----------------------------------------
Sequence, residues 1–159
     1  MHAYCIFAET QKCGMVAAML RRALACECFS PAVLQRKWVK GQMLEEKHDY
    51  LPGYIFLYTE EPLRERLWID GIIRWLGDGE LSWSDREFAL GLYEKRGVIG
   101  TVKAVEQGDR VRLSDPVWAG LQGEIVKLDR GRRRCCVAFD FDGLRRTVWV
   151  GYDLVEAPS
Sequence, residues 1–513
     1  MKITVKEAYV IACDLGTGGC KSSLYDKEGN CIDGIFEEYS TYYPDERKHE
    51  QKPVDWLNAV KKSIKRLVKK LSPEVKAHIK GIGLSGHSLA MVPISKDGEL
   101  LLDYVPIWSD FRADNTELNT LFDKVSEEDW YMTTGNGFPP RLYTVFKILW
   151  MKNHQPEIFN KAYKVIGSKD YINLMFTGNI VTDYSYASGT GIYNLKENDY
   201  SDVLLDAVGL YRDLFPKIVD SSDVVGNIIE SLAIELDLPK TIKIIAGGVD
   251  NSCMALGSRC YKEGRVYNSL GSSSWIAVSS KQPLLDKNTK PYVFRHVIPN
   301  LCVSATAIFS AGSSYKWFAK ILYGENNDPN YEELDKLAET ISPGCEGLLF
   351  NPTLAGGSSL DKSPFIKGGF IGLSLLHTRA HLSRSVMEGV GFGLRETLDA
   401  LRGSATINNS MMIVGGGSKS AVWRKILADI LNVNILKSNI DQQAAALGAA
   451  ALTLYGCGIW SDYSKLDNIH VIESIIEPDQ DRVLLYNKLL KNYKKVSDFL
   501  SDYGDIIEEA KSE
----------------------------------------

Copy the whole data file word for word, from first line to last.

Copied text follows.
Sequence, residues 1–159
     1  MHAYCIFAET QKCGMVAAML RRALACECFS PAVLQRKWVK GQMLEEKHDY
    51  LPGYIFLYTE EPLRERLWID GIIRWLGDGE LSWSDREFAL GLYEKRGVIG
   101  TVKAVEQGDR VRLSDPVWAG LQGEIVKLDR GRRRCCVAFD FDGLRRTVWV
   151  GYDLVEAPS
Sequence, residues 1–513
     1  MKITVKEAYV IACDLGTGGC KSSLYDKEGN CIDGIFEEYS TYYPDERKHE
    51  QKPVDWLNAV KKSIKRLVKK LSPEVKAHIK GIGLSGHSLA MVPISKDGEL
   101  LLDYVPIWSD FRADNTELNT LFDKVSEEDW YMTTGNGFPP RLYTVFKILW
   151  MKNHQPEIFN KAYKVIGSKD YINLMFTGNI VTDYSYASGT GIYNLKENDY
   201  SDVLLDAVGL YRDLFPKIVD SSDVVGNIIE SLAIELDLPK TIKIIAGGVD
   251  NSCMALGSRC YKEGRVYNSL GSSSWIAVSS KQPLLDKNTK PYVFRHVIPN
   301  LCVSATAIFS AGSSYKWFAK ILYGENNDPN YEELDKLAET ISPGCEGLLF
   351  NPTLAGGSSL DKSPFIKGGF IGLSLLHTRA HLSRSVMEGV GFGLRETLDA
   401  LRGSATINNS MMIVGGGSKS AVWRKILADI LNVNILKSNI DQQAAALGAA
   451  ALTLYGCGIW SDYSKLDNIH VIESIIEPDQ DRVLLYNKLL KNYKKVSDFL
   501  SDYGDIIEEA KSE